Interpretation of Enhanced Integrated Water Vapor Bands Associated with Extratropical Cyclones: Their Formation and Connection to Tropical Moisture

Bao, J.-W.; Michelson, S. A.; Neiman, P. J.; Ralph, F. M.; Wilczak, J. M.
April 2006
Monthly Weather Review;Apr2006, Vol. 134 Issue 4, p1063
Academic Journal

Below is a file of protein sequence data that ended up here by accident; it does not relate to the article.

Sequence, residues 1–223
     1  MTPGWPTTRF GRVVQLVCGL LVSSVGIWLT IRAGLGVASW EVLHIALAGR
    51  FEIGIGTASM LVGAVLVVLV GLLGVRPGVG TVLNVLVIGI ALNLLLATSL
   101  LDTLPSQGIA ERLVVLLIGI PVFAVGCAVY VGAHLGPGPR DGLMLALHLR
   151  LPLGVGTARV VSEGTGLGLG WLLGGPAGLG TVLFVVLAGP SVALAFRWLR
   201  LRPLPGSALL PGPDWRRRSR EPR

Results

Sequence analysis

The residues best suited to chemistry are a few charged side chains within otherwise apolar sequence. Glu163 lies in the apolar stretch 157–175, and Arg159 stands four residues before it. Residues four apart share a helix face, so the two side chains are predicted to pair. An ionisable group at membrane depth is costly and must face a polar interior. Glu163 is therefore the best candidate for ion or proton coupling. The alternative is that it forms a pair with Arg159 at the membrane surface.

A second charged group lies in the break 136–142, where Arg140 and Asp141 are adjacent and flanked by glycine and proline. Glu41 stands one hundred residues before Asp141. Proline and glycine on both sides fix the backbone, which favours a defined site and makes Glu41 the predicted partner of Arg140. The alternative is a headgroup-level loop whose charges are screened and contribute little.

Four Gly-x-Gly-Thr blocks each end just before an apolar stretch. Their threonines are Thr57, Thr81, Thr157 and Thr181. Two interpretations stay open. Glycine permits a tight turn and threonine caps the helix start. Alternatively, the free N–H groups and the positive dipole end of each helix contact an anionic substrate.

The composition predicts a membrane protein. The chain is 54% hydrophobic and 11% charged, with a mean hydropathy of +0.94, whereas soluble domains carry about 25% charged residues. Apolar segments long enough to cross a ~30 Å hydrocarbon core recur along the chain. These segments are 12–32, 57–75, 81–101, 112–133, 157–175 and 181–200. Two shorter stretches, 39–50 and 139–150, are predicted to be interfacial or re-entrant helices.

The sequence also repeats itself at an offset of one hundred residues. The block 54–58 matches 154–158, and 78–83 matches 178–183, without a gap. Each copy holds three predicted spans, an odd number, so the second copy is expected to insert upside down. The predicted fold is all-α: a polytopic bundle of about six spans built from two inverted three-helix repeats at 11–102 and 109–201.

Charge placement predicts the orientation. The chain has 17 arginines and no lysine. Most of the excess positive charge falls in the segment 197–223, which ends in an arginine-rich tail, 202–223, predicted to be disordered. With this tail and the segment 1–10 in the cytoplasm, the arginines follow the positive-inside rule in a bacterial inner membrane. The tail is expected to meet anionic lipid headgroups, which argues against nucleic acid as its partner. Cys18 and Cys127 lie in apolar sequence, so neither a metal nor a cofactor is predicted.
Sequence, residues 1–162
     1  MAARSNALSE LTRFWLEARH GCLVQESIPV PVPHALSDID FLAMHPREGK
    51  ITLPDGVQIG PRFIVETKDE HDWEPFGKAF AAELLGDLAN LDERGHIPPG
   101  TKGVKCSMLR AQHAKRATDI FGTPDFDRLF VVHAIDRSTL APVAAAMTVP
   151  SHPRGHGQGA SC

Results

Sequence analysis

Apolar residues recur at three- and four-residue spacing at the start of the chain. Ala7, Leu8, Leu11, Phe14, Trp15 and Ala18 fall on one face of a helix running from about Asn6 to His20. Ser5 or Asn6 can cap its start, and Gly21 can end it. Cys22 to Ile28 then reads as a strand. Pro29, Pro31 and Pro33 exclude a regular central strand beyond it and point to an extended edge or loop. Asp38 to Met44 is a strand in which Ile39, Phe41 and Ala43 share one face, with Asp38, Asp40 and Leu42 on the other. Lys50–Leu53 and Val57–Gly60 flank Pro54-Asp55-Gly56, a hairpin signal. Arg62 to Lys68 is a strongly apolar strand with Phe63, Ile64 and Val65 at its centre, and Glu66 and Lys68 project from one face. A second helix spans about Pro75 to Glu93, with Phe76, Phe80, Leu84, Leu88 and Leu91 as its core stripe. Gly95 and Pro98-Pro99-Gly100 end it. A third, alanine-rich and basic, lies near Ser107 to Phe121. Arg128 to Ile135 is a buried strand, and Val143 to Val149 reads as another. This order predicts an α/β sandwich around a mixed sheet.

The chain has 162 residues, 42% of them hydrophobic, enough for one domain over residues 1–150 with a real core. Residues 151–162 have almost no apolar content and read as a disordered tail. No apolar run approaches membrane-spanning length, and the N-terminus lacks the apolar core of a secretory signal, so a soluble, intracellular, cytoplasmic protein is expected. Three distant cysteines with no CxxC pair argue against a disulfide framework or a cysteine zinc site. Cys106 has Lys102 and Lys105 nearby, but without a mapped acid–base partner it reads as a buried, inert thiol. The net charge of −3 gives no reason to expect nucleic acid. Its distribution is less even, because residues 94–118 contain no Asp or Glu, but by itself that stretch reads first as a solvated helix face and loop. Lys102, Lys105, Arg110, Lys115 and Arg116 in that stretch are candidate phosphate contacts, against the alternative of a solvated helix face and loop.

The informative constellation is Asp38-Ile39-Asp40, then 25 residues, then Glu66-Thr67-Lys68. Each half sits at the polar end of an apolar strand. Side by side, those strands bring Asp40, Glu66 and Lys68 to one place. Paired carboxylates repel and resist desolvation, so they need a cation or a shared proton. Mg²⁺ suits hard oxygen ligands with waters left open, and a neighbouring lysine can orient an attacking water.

Trajectory analysis using a weather prediction model is performed for five cases to interpret the formation of enhanced bands of vertically integrated water vapor (IWV) in the central and eastern Pacific that are frequently seen in satellite images from the Special Sensor Microwave Imager. The connection of these enhanced bands with poleward water vapor transport from the Tropics is also examined. It is shown that the leading end of the enhanced IWV bands (defined as the most eastward and poleward end) is the manifestation of moisture convergence in the warm conveyor belt associated with extratropical cyclones, while the bands away from the leading end result mainly from moisture convergence along the trailing cold fronts. There is evidence that some enhanced IWV bands may be associated with a direct poleward transport of tropical moisture along the IWV bands from the Tropics all the way to the extratropics. The trajectory analysis, together with the seasonal mean sea level pressure analysis, indicates that a favorable condition for the occurrence of a direct, along-IWV band transport of tropical (defined as south of 23.5°N) moisture to the U.S. West Coast in the eastern Pacific is a weakened subtropical ridge in the central Pacific with an enhanced southwesterly low-level flow. The authors hypothesize that the direct poleward transport of tropical moisture within an enhanced IWV band in the eastern Pacific is most possible in the neutral El Niño–Southern Oscillation (ENSO) phase and is least possible in the El Niño phase.


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